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Chumash Themes #23: Transition of Leadership: Moses to Joshua

May 7, 2013 | by Rabbi Zave Rudman

A Jewish leader must combine bold initiative, with a deep sense of humility.

Joshua: Getting Close to GreatnessRequired Reading Numbers 27:12-23, Deuteronomy 31:1-9

The idea of transition of leadership is something that modern management science deals with comprehensively. Google the words “Moses Joshua transition leadership” and you’ll see a well-known management consultant applying this biblical account as a lesson for modern companies.

Be that as it may, let us examine how the Torah views this changeover:

For a nation, there can be no greater transformation than going from nomadic dwelling in the desert, to living in one’s homeland. On the other hand, the Torah is unchanging and immutable. How should the Jewish people move from one type of existence to another, while remaining true to Torah ideals?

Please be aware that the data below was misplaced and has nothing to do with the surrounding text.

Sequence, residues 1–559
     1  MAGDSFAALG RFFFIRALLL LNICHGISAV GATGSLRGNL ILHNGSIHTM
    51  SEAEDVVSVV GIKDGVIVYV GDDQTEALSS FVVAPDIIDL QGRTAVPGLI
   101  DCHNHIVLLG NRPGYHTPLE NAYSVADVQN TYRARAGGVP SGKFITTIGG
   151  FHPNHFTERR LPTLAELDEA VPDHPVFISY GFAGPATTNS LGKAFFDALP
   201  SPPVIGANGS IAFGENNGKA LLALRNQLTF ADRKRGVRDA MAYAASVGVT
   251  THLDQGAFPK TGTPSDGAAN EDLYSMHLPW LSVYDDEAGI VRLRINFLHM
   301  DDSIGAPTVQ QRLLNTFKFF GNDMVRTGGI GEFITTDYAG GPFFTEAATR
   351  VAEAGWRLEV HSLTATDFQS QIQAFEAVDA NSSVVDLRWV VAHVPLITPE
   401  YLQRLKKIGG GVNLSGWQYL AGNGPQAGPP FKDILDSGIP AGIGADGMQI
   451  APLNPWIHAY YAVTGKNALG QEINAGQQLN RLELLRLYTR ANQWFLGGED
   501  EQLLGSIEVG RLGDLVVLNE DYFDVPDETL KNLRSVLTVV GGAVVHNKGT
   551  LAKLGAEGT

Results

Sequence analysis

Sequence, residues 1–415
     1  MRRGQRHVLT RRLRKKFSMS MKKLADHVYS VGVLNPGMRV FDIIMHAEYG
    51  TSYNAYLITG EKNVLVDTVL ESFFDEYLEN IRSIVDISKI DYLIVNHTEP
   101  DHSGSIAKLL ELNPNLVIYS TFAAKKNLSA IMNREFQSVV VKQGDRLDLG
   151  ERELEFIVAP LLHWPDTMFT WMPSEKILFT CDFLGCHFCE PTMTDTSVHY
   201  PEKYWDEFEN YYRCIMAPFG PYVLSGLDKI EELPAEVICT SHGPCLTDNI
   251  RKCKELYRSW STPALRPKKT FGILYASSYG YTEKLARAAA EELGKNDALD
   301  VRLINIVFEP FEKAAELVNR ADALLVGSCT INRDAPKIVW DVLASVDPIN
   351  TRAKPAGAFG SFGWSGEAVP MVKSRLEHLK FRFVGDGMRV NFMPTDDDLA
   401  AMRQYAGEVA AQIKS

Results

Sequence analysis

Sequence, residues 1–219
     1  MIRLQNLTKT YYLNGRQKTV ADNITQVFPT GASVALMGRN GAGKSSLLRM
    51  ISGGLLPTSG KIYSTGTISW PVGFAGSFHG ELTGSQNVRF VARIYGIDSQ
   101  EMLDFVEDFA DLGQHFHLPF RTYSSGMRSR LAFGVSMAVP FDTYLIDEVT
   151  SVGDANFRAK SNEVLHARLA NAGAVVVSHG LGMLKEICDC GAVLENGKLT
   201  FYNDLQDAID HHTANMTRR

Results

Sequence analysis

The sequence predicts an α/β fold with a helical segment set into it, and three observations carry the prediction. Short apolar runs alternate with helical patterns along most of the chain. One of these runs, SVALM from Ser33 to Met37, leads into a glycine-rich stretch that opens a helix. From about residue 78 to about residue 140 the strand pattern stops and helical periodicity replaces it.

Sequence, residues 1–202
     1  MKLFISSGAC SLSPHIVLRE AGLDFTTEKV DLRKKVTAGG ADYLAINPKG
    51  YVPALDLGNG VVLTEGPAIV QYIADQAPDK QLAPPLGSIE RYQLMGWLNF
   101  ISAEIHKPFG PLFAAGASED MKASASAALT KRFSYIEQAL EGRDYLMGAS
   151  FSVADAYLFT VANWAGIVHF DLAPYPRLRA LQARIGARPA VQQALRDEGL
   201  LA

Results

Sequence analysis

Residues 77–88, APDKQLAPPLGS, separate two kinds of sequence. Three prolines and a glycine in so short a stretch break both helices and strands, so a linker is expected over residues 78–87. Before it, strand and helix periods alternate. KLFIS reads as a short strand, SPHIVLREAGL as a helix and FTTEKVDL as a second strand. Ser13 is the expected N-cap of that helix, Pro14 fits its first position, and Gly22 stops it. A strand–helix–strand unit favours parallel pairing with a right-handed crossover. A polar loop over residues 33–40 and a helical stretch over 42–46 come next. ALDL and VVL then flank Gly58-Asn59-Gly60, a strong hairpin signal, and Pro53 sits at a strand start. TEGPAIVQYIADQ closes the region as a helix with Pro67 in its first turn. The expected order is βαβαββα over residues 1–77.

Even more basically, how does one prepare for such change? By definition, change is something new and usually unexpected. How do you choose someone who can adapt to these new situations? And how do you train that person?

In the nascent Jewish nation, there was one person who had demonstrated the potential to achieve a successful transition of leadership from Moses: Joshua.

We will deal with the following issues:

  • Who is Joshua?
  • the teacher-student relationship
  • the difference between the era of Moses and that of his successor
  • leadership qualities


The first time we meet Joshua, he is a general leading the Jews to war against Amalek.1 Remember, this is a scant month since the Jews had left Egypt, after being enslaved for generations. A people whose life experience was limited to servitude should be incapable of war. Yet Joshua was the exception, an independent force who rose above the crowd and became a leader.